How to Become a Psychiatric Nurse Practitioner
Psychiatric Mental Health Nurse Practitioner Job Duties and Responsibilities
What Are the Education Requirements for a Psychiatric Nurse Practitioner?
What Psychiatric Nurse Practitioner Certification is Needed?
6 Common Steps to Becoming a Psychiatric Nurse Practitioner
With different regulatory hurdles, degree options, and specializations, every educational journey is bound to be different. But here are six potential steps on how to become a psychiatric nurse practitioner.
- Attend Nursing School
As with all nursing specializations, education is fundamental to becoming a psychiatric nurse practitioner. That typically begins at the undergraduate level. While many students choose full Bachelor of Science in Nursing (BSN) programs, others go for a nursing diploma program or a two-year associate in nursing degree.
From there, students can go on to pursue a postgraduate qualification. Some might choose a Master of Science in Nursing. Those who’ve completed a bachelor’s program may choose a Bachelor of Science in Nursing to Doctor of Nursing Practice (BSN to DNP) program. Others may opt for post-master’s certificates.
Whatever route you choose, studying to become a psychiatric nurse practitioner means focusing in depth on mental health and disorders. To that end, you’ll learn about psychopharmacology, mental health assessment, and mental health diagnosis, among other topics.
- Pass the NCLEX-RN Exam
After completing an undergraduate program, students must take the NCLEX-RN exam. You should carefully study what the test will entail in advance. Of course, the specific questions vary every year, but they’ll always cover a range of medical topics. That includes safety and infection control, pharmacology, and health promotion and maintenance. Each person studies for the exam differently. But you may find it worthwhile to review the NCLEX test plans before exam day.
Though many of the questions are multiple choice, the so-called ‘alternate item’ format includes other styles, notably fill-in-the-blank questions and ones involving graphs and other images. Finally, make sure you know where your test center is located.
- Obtain Your Psychiatric Mental Health Nurse Practitioner Degree
After securing an undergraduate qualification and becoming a RN, you must then complete a postgraduate degree program focused on psychiatric nursing. There are several options available to you, but an MSN in psychiatric nursing practice is one common pathway. This degree can be completed in around two years. Learn more about getting into nursing school.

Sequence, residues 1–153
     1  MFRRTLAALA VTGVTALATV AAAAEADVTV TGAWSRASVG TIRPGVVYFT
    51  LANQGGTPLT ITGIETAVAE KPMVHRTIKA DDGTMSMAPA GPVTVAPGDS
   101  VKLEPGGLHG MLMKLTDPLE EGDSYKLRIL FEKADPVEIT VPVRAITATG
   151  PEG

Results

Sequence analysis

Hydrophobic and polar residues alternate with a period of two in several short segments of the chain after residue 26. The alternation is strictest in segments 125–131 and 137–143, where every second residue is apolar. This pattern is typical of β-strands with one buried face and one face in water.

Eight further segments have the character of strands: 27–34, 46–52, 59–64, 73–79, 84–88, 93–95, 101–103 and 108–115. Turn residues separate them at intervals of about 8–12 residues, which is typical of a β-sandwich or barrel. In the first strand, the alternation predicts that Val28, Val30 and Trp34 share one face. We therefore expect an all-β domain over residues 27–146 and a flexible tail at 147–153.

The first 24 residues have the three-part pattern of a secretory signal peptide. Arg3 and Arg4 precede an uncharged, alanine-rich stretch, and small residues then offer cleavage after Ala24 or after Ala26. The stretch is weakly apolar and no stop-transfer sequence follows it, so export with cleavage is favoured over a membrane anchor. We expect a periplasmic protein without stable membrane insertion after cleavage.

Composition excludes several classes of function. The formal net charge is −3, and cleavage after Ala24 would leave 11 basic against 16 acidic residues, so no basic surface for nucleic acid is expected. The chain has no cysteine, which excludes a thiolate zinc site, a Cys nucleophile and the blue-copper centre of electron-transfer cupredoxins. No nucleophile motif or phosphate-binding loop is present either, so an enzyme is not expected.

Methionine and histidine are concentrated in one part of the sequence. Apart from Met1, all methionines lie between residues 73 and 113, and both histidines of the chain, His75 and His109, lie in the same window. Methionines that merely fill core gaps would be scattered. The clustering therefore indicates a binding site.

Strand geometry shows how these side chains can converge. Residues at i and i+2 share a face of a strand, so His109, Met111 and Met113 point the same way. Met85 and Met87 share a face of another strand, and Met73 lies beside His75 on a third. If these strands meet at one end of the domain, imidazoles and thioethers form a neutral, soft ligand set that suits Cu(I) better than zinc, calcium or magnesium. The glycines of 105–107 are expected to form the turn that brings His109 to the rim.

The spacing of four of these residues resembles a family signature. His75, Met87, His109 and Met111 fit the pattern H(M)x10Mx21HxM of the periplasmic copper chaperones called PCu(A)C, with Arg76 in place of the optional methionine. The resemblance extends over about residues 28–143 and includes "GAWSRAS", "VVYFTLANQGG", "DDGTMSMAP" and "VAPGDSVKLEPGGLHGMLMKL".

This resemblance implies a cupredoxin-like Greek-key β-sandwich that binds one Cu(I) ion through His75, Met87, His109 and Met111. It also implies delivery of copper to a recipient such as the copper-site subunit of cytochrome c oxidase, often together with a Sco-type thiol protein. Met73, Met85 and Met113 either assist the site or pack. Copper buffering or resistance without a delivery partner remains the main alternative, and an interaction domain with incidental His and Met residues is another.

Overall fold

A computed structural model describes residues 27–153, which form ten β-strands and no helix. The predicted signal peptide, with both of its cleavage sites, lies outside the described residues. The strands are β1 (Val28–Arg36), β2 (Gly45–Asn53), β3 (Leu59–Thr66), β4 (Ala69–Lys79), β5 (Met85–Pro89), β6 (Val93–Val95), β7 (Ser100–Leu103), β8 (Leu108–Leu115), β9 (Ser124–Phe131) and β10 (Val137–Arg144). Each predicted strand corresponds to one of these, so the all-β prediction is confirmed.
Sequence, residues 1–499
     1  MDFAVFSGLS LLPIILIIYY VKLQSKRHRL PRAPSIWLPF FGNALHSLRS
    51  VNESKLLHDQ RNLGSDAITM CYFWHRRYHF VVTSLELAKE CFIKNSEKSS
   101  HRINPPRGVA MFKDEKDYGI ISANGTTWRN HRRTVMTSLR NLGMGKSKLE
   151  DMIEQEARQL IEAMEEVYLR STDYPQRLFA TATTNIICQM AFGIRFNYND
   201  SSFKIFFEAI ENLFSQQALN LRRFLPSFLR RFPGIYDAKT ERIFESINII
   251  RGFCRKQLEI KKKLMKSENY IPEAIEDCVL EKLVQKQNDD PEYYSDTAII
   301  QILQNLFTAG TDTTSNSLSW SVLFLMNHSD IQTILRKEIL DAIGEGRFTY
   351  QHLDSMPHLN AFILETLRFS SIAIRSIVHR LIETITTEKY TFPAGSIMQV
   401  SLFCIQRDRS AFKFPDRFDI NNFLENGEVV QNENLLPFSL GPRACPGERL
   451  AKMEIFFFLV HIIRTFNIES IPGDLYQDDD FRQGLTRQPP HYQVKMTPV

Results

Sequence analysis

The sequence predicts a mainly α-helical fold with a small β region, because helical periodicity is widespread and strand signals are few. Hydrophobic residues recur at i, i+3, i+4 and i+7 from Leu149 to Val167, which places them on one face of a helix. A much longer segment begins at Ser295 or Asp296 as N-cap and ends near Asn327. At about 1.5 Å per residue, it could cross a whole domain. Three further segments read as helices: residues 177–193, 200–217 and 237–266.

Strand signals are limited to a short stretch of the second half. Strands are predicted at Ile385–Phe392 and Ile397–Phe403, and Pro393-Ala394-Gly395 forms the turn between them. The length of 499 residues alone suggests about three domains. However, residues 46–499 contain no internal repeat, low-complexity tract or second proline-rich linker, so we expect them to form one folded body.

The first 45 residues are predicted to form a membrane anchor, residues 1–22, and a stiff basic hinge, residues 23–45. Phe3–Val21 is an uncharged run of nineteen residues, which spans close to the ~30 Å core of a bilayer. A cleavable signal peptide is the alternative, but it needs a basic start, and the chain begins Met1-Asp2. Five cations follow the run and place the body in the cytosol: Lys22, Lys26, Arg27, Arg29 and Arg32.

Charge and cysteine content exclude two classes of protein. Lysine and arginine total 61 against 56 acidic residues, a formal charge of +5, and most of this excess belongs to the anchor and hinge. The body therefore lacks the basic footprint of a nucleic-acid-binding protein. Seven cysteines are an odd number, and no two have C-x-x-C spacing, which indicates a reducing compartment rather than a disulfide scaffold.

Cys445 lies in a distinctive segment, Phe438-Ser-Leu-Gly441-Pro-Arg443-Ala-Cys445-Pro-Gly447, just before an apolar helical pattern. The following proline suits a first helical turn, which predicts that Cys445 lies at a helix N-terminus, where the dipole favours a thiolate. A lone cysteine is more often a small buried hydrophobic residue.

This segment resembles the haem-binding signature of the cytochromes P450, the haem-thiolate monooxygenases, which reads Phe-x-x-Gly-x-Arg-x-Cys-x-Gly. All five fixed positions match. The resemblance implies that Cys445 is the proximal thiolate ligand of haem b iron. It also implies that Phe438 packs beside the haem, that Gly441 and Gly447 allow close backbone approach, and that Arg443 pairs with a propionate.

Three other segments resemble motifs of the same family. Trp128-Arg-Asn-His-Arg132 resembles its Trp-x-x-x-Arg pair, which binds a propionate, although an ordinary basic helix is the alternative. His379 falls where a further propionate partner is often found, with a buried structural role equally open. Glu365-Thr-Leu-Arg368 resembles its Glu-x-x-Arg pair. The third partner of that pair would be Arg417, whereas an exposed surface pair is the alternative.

For students in a hurry, a joint bachelor’s and doctorate degree (commonly called a BSN to DNP degree) could work well. Combining core nursing courses, PMHNP concentration courses, and clinical hours, this option can be completed in an average of 48 months.
If you’ve already completed a postgraduate nursing degree, but now want to focus on psychiatric practice, a post-master’s psychiatric mental health nurse practitioner certificate is another option, and some of them can be completed online.
Per ANCC certification rules, psychiatric mental health nurse practitioner programs should offer at least 500 faculty-supervised clinical hours.
- Gain Clinical Experience
Part of becoming a certified PMHNP involves gaining clinical experience working in the field. According to the ANCC, the required clinical experience for a psychiatric nurse includes at least 500 hours of faculty-supervised clinical practice in psychiatric mental health nursing.
That includes clinical training in at least two psychotherapeutic treatment modalities. In practice, that leaves you with a number of opportunities to specialize. For example, you may choose to focus on Freudian psychoanalysis. Or maybe you want to work in cognitive therapy, or humanistic therapy.
Some nurses don’t tie themselves to any single approach, and instead blend elements from different approaches and tailor their treatment. This is known as integrative or holistic therapy.
- Become a Board-Certified Psychiatric Nurse Practitioner
Once you’ve taken a postgraduate course in psychiatric nursing, and completed the prerequisite clinical work (see above), you can work on gaining a certification for nurse practitioners via the American Nurses Credentialing Center.
Covering the range of psychiatric nursing, the board-certified psychiatric NP examination tests candidates on relevant knowledge for practice and that includes diagnosis and treatment to psychotherapy to ethical and legal principles. As with the NCLEX, the questions on this exam are multiple choice.
Candidates may be able to sit for the NP examination after all their coursework and faculty-supervised clinical practice hours are complete, even if they haven’t graduated yet It’s also important to note that there are additional requirements for applicants outside the United States.
- Start Your Search for Psychiatric Nurse Practitioner Jobs
Now that you’re certified, it’s time to start job hunting! There are a number of places to look for psychiatric nurse jobs, from general career portals to specialized health care websites like the American Nurses Association. Looking on specific health care company websites and local government portals may prove successful too.
Though career outlook information for psychiatric nurse practitioners is unavailable, the U.S. Bureau of Labor Statistics (BLS) reports that demand for nurse practitioners will increase by 52% between 2019 and 2029, which is much higher than the national average for all occupations. Learn more about nursing degree salaries and nurse practitioner careers.